In my method of training actors, I place special emphasis on the feet, because I believe that consciousness of the body's communication with the ground leads to a great awareness of all the physical junctions of the body.



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    A basic part of my method of training involves actors stomping on the floor for a certain period of time to rhythmic music, or rather, walking around fiercely beating the floor with the feet in a semi-squatting posture. Then, the moment the music stops, the actors relax their bodies totally, falling on the floor. They lie completely still and quiet. After a while, music starts again, but this time it must be slow and smooth. In accordance with the change in the music, they slowly rise to their feet in any way they like, eventually standing upright, back in a natural posture. This training consists of a pair of contrasting movements, that is to say, the dynamic and static (motion and rest), in other words, emission and repression of physical power. The purpose of this training is to develop concentration on the body through controlling the breathing.
    The essential point of the first half of this training is to keep stomping with a constant force, without swaying the upper half of the body. If the actor does not concentrate his consciousness on his feet, legs and hips which must be well-disciplined, it is impossible for him to continue to stomp consistently, however energetic he may be. Moreover, without the spiritual power and will to control his breathing, the upper half of his body gradually begins to sway and then the rhythm of the stomping becomes irregular. If you beat the floor with your feet, the force naturally influences the upper half of the body to make it sway. As I get actors to stomp as forcefully as possible, a reaction rises upwards so the more strongly they stomp the more the upper half of their body sways. If they try to minimize the sway, they have to repress the force with their hips. They have to stomp while always being aware of the relationship between upper and lower halves of the body which are pivoted together at the hips.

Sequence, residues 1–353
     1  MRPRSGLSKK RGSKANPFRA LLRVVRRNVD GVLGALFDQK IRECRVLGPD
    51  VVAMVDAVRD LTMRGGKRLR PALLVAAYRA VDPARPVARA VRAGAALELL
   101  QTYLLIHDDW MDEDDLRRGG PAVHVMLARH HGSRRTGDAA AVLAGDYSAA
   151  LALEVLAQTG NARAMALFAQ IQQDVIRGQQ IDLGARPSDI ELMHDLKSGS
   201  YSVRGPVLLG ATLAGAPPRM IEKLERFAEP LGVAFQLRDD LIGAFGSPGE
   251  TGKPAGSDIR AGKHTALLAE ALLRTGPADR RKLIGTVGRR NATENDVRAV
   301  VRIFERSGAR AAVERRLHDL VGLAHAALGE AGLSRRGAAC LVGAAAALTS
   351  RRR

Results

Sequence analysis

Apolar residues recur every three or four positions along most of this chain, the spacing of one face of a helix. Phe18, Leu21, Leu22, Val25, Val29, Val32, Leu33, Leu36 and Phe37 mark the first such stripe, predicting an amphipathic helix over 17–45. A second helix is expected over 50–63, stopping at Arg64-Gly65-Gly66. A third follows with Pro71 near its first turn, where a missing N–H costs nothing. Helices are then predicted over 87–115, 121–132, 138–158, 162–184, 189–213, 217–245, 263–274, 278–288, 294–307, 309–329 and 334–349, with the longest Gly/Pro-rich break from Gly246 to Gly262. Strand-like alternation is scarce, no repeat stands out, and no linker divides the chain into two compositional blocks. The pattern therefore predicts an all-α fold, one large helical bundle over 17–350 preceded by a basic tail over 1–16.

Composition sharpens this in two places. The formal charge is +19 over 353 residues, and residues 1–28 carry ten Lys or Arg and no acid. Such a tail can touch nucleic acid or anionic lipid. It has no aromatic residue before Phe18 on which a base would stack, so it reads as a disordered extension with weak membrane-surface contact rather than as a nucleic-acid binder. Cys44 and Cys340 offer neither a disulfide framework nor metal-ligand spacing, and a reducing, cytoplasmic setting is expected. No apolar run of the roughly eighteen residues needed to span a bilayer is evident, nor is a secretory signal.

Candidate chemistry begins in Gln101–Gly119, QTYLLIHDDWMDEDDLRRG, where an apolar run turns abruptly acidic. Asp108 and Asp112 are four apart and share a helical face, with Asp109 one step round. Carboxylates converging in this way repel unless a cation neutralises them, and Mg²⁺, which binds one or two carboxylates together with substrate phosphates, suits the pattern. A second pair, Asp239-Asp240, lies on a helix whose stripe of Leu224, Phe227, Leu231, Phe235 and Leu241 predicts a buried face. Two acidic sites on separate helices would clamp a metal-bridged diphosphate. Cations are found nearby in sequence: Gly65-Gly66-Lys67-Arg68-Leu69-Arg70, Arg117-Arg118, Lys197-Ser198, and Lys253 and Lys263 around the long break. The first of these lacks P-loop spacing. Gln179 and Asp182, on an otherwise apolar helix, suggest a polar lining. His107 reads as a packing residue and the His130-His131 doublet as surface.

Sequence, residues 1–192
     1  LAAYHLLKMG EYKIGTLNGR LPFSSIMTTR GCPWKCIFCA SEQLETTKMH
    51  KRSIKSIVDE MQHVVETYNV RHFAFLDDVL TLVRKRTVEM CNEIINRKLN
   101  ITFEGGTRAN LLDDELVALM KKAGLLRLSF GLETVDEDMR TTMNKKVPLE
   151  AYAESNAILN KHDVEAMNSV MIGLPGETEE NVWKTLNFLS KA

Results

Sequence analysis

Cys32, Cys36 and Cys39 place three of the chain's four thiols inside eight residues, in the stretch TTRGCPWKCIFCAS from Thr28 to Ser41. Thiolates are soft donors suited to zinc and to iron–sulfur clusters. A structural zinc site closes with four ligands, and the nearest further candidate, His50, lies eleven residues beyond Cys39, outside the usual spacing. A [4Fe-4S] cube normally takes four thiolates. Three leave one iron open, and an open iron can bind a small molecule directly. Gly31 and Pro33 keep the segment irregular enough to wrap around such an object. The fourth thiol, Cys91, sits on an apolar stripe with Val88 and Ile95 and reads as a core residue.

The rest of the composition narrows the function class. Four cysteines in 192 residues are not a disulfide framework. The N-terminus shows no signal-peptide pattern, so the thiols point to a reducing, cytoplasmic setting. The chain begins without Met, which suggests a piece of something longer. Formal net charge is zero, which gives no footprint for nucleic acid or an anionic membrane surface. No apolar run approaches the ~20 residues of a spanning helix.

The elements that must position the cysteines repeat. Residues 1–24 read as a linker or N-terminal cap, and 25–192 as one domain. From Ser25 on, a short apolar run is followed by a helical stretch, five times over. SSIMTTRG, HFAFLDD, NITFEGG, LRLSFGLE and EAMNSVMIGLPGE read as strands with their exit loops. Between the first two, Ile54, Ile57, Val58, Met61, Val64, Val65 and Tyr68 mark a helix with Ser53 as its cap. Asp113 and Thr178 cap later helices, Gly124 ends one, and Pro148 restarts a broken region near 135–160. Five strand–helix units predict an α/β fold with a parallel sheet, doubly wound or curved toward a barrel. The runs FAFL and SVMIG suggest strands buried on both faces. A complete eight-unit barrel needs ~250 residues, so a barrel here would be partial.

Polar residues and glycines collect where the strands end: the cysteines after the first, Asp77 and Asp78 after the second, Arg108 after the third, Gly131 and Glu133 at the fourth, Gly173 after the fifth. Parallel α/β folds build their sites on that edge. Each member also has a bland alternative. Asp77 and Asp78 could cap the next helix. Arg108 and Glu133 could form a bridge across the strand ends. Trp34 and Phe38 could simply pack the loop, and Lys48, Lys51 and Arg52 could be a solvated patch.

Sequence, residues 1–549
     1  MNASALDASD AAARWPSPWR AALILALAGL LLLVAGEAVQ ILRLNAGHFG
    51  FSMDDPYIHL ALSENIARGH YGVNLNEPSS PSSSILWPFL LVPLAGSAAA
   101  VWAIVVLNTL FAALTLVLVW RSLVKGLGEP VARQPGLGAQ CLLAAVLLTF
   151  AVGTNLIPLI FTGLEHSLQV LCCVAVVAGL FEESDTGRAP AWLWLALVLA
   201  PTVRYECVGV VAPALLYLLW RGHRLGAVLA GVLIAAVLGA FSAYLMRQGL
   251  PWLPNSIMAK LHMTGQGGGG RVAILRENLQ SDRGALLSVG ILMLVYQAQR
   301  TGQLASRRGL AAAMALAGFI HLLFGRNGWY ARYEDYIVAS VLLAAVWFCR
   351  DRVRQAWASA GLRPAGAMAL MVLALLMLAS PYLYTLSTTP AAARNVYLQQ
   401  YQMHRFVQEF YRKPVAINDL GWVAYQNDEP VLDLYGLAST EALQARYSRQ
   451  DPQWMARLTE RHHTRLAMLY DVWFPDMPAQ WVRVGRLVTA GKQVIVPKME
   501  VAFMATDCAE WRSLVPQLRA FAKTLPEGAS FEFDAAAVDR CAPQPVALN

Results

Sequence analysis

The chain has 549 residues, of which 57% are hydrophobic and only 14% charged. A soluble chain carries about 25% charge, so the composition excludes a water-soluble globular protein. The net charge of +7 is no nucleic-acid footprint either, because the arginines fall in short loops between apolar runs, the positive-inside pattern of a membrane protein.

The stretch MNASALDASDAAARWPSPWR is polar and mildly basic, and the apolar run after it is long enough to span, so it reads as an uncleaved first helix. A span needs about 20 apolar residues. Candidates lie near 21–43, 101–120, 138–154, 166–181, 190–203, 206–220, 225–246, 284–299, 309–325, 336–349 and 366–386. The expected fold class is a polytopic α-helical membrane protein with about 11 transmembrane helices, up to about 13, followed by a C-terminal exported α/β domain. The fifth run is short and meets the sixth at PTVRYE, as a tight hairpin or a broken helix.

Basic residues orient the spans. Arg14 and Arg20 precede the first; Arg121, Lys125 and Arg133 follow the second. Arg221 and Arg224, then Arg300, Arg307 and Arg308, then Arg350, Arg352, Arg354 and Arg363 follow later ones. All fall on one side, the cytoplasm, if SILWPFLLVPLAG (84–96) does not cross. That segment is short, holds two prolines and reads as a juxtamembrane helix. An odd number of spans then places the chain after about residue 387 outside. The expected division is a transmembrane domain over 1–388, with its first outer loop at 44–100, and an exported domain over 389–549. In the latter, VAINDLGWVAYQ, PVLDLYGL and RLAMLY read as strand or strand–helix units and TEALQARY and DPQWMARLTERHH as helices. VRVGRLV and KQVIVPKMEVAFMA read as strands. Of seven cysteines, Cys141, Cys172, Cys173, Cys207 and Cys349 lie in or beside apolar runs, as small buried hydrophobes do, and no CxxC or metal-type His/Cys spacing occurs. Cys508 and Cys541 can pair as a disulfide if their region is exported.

Of course, emphasizing the fact that the construction of the human body and the balance of the forces which support it are centered on the pelvic region is not thinking unique to my method; but almost all the performing arts invariably use such thinking. Only, I believe it is specific to my training that first of all the actors are made to feel conscious of this by stomping and beating the ground with their feet. This is derived from my belief that the basic physical sensibility of any stage actor depends on his feet. In our daily life, we tend to disregard the importance of the feet. It is necessary for us to be aware of the fact that the human body makes contact with the ground through the feet, that the ground and the human body are inseparable, as the latter is, in fact, part of the former, meaning that when we die we return to the earth—to make the body, which usually functions unconscious of its relationship, aware of this fact by creating a strong sense of impact through the beating of the ground with the feet.